On the contrary, SAGIA has been turning on investors when they renew their investment licenses, which need to be renewed annually. Ironically, investors spend at least two to three months each year to prepare the required documents to submit to SAGIA, in order to renew their licenses, when they should spend this time on developing their projects. Nonetheless, after they submit the documents to SAGIA to renew their licenses, it may take SAGIA two to three months to renew them, often with no justified reasons.


Sadly, SAGIA has been treating the applications of potential investors differently. For example, SAGIA has been very careful to issue investment licenses for Middle Eastern investors but that is not the case with Western investors, although some Middle Eastern investors are more capable than Western investors. The criteria for issuing investment licenses for foreign investors should be based upon the capability of the investor to invest, not upon its nationality.

It seems that the management of SAGIA has run out of ideas and that is why it has been issuing orders and requirements in a chaotic way. SAGIA needs new blood with new ideas, which can reorganize it, in order to provide better services to investors. The investment requirements of SAGIA should be reviewed, in order to remove any requirement which is not necessary. Also, if new investors show their capability to invest, they should be granted investment licenses regardless of their nationality. SAGIA should focus on assisting current investors to develop their projects and eliminating any obstacles they face and not planting obstacles in their way.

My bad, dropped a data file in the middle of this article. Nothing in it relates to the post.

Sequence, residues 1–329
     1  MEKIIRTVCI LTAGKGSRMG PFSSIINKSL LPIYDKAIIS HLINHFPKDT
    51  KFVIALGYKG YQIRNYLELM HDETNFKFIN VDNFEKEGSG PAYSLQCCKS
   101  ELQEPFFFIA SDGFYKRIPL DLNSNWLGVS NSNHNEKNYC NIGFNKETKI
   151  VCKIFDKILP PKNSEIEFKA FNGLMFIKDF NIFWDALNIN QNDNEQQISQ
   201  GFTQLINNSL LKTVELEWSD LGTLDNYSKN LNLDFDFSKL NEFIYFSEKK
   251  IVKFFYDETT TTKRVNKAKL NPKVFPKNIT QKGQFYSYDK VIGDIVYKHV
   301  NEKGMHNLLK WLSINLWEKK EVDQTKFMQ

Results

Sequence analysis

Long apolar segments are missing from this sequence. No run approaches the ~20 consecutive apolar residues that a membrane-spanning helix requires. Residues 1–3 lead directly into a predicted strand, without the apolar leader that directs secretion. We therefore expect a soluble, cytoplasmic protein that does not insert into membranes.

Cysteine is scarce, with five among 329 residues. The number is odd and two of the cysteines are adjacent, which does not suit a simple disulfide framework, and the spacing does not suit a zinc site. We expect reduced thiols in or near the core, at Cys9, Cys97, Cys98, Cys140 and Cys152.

It is for the benefit of the country to attract more foreign investors to invest and assist the current ones to develop their projects. SAGIA should do a better job, in order to provide its services in a timely and professional way and remove any obstacles that investors may face and not be one of these obstacles. SAGIA should realize that if investors do not have friendly environments to invest, they will look for countries other than Saudi Arabia, which would provide better services and fewer obstacles, and our country would lose such investments.

— Dr. Qaisar Hamed Metawea is attorney at Law-Partner, Mikwar, Akkad & Metawea Law Firm. Write to him at: [email protected]

Arab News

Arab News is Saudi Arabia's first English-language newspaper. It was founded in 1975 by Hisham and Mohammed Ali Hafiz. Today, it is one of 29 publications produced by Saudi Research & Publishing Company (SRPC), a subsidiary of Saudi Research & Marketing Group (SRMG).